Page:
The use (or misuse) of the English language to promote food provenance makes it hard to choose. Is that chicken ‘barn raised’ or ‘free range’? Why is my pork not ‘Dry Aged’? Where is the Local of ‘Locally Produced’? What does ‘Natural’ mean? Do you really want my beef to be ‘Grain Finished’?… What do all these terms mean? Do they mean anything?
So, when my butcher friend James Lawlor told me that I had to try some Belted Galloway, I was intrigued. What is a Galloway and who belted it? Is it locally produced? What makes it special? Is it barn raised, pure, natural, grass-fed? What is it for crying out loud?
“Beef” he tells me, produced on a farm in Kilkenny. It’s a rare breed, smaller than the Angus or the other popular breeds. It also tends to be fatter. This is a good thing. Because, as anybody who knows anything about beef knows, fat equals flavour. Particularly if the cattle have enjoyed a lifetime grazing the rich grasslands in the heart of Ireland. So, I collected two kilos (4 lbs) of Belted Galloway mince (from the neck of the animal) and decided to prepare something delicious.
A burger (or twelve) was an obvious decision. If he was right about the quality and flavour of the beef, I shouldn’t need to adulterate it with anything I might have used previously when making burgers. Before the Belted Galloway, I would have suggested adding some breadcrumbs, some egg, possibly a bit of mustard, a teaspoon of tomato paste, maybe some freshly crushed cumin seeds or possibly any of a range of other ingredients. But, now I know, if you want a premium quality beef burger, you only need three ingredients. Beef, salt and pepper.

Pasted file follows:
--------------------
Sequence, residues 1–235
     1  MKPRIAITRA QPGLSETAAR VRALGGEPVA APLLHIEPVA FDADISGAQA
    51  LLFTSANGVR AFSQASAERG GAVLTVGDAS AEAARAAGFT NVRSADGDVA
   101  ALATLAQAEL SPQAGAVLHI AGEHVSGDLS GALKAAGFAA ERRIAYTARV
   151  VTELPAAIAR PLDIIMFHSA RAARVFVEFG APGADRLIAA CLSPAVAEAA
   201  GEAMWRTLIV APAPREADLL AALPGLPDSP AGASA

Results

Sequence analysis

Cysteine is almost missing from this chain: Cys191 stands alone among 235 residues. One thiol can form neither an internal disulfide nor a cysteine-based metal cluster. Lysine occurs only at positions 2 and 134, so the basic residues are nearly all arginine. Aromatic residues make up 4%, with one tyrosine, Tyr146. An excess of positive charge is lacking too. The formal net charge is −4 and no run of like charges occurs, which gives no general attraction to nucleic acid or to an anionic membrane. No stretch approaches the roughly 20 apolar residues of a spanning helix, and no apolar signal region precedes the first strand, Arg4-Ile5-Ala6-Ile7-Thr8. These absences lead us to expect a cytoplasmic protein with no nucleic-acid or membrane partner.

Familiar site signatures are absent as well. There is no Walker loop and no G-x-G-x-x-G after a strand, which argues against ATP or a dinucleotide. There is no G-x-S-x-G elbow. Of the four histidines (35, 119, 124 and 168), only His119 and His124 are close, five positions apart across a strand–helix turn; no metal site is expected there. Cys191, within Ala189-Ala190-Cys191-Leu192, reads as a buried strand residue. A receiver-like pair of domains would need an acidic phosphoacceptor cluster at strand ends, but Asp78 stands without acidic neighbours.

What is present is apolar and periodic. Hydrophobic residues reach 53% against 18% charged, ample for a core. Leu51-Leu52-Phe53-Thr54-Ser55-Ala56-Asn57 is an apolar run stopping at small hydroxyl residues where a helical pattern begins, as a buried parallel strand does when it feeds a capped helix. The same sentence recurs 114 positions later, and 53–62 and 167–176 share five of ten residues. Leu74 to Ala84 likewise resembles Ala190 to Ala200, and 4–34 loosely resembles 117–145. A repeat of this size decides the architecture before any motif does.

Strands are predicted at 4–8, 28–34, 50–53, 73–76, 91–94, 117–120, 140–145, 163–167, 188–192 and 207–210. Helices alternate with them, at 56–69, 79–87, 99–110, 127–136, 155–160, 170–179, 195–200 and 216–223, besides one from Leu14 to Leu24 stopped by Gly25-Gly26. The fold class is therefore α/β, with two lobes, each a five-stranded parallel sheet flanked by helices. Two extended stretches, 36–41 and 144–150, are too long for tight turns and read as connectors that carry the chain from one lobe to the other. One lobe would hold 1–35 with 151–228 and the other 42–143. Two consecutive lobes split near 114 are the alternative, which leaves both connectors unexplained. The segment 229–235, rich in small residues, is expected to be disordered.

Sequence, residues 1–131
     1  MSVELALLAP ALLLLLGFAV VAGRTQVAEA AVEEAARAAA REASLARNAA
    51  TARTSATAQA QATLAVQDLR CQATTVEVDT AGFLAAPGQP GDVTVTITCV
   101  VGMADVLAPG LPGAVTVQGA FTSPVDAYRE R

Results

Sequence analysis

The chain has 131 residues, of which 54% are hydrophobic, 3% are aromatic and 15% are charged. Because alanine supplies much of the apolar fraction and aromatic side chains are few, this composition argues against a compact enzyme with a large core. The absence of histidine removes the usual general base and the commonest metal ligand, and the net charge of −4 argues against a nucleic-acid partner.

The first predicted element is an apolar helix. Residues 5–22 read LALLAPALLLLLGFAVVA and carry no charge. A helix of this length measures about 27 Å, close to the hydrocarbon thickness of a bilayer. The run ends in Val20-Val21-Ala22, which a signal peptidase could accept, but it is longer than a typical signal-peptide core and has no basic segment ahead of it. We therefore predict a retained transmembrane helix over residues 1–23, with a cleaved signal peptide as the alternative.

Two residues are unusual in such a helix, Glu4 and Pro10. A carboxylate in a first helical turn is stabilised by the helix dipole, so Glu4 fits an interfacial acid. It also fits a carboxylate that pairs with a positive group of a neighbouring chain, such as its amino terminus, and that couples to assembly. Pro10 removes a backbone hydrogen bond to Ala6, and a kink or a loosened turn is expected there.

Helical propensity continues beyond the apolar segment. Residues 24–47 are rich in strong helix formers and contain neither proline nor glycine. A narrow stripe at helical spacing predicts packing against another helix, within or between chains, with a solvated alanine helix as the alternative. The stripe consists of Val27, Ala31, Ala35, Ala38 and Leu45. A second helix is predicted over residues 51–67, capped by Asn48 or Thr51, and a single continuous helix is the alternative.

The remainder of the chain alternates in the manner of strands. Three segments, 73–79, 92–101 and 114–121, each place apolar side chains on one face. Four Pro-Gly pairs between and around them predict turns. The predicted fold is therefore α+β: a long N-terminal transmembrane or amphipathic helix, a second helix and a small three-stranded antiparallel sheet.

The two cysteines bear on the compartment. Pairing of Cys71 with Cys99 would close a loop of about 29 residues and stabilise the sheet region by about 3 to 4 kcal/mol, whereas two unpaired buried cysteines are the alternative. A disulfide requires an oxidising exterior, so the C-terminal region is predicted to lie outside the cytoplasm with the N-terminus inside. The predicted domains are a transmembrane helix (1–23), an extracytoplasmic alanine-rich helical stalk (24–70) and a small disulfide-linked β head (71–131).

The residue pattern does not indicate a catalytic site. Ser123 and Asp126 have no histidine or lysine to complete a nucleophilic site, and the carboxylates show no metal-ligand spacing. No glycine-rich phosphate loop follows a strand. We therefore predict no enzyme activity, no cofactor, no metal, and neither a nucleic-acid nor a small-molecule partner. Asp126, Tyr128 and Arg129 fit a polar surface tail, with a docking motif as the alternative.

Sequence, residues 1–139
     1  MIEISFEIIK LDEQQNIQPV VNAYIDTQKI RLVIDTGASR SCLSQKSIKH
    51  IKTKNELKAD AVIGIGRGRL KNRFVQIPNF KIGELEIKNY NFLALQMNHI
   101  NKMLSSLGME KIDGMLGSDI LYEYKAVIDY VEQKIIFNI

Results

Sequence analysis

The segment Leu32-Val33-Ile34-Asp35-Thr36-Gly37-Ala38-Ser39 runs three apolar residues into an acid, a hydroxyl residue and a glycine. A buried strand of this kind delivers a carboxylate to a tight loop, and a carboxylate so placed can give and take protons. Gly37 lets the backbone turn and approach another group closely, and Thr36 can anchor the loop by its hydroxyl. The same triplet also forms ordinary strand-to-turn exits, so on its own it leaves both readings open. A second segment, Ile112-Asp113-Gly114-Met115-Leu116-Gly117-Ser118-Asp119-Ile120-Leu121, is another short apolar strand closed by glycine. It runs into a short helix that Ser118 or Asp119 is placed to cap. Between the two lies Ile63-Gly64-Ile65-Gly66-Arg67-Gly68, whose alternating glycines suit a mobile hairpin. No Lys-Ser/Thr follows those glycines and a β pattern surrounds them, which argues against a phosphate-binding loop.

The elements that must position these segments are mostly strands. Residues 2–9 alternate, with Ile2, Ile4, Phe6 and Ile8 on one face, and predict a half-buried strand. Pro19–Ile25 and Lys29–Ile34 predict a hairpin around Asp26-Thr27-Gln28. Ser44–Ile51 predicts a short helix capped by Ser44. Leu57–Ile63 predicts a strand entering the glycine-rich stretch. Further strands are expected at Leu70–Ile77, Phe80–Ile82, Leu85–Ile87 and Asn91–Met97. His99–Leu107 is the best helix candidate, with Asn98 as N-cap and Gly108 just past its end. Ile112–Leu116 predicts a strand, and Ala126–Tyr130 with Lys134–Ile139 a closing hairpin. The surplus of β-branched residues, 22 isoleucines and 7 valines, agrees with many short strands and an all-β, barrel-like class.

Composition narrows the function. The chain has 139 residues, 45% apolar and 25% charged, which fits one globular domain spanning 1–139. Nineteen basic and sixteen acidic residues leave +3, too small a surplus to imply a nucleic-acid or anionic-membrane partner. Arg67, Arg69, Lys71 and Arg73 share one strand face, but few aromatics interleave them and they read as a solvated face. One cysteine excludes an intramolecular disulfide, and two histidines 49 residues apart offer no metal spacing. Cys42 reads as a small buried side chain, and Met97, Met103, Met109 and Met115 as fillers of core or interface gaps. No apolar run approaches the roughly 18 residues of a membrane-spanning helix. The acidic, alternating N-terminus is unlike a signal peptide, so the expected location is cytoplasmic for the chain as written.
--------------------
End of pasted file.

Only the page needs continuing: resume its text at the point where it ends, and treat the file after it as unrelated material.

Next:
There is very little more to say about the burger making. I mixed it by hand and used a pastry ring to get a decent shape and a 200 gramme burger.
I let the burgers rest for about ten minutes before shaping them. After that, it was onto the barbecue. They will do almost as well on the frying pan or griddle pan.
Side note on cooking burgers: If you buy a ready-made burgers, unless you know the butcher who made them, and can be sure of its age, you need to cook them to medium at a bare minimum. Don’t be fooled by the meat looking a bright red colour. It could be kept that way with sulphites. I cooked these medium rare. But, I saw this meat being minced.
The burgers held their shape incredibly well. No binder, no egg, no breadcrumbs, just beef.
I served them very simply with a bit of salad and some sea-salt. This was all about the beef. The flavour of the Belted Galloway was amazing. I have never eaten a burger as nice as this. If you get a chance, give these a go. This is language you can trust – Rare Breed, Full Fat, Full Flavour, Belted Galloway.